Blogging and getting the public involved in nature

Filed under: Government, blogging — kirk @ 1:03 pm

David Thorne from the Missouri Dept. of Conservation gave a great talk using social media to reach the public. You can read more about his presentation on his site. More on his presentation later.

Show on map

September 28, 2007

GIS shapefiles to KML and GeoRSS

Filed under: Government, Geotagging, Missouri Mapping Project — kirk @ 3:25 pm

I’ve been busy preparing for the Google maps / GeoRSS workshop at the Organization of Fish and Wildlife Information Managers (OFWIM) conference this past week.

All the stuff we did there you can find at the recmap.org site.

There are a few tools we used at the workshop that might interest some of you wanting to use Google maps as a cheap way to provide maps to your areas (especially if your areas are for outdoor recreation).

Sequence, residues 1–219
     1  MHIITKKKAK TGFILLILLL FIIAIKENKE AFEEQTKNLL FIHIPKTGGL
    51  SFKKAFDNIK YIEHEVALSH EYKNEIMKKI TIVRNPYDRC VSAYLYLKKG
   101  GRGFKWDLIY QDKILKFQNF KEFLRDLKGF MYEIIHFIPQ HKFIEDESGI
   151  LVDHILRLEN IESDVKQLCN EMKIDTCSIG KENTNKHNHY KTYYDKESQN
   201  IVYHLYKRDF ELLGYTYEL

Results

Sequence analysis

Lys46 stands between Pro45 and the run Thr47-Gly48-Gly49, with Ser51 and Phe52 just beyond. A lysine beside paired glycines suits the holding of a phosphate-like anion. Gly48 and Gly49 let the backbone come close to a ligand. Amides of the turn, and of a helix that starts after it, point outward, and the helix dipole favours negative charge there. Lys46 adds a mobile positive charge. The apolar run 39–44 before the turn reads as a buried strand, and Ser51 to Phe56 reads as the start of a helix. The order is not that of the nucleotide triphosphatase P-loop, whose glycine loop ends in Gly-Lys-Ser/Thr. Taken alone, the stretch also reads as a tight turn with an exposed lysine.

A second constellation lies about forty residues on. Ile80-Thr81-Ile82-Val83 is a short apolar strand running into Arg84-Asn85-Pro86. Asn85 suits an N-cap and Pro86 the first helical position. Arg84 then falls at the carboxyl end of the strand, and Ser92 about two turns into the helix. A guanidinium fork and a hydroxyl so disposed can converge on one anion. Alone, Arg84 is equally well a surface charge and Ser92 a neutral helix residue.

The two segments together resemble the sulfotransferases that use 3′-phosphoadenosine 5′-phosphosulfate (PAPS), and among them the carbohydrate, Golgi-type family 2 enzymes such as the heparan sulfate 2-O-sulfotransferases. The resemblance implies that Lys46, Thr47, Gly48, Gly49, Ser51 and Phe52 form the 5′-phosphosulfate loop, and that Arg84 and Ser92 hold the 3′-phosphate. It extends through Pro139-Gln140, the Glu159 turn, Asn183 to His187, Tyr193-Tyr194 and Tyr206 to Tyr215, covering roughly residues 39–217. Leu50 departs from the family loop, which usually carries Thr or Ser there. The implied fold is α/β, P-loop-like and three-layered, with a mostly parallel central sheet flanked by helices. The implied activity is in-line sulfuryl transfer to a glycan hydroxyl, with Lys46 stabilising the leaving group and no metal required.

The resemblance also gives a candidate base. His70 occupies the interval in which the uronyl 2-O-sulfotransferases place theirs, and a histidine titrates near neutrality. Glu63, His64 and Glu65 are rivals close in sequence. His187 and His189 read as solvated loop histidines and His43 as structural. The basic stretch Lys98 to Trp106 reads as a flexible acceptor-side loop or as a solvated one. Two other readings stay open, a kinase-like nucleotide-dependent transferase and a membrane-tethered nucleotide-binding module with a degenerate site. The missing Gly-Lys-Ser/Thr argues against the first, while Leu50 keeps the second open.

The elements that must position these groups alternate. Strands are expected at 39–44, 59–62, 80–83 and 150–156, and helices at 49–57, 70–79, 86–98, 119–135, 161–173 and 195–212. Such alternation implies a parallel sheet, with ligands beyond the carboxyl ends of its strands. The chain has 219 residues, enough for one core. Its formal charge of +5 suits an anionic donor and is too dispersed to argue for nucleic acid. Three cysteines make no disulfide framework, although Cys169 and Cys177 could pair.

One is a tool that will take shapefile data from GIS and provide you with both a KML and GeoRSS file as output. While the latest ESRI product now will export KML files, this tool still has merit since it provides you both with some options and a look under the hood at the conversion process.

Another item is a web page that allows you to input Google map code and execute it on the page. This served as a great tool during the tutorial on how to build Google maps.

Whether you’re involved in getting outdoor recreational activities on the map for the public or just the location of your government offices, take a moment to visit recmap.org and grab some code (or supply feedback or ideas).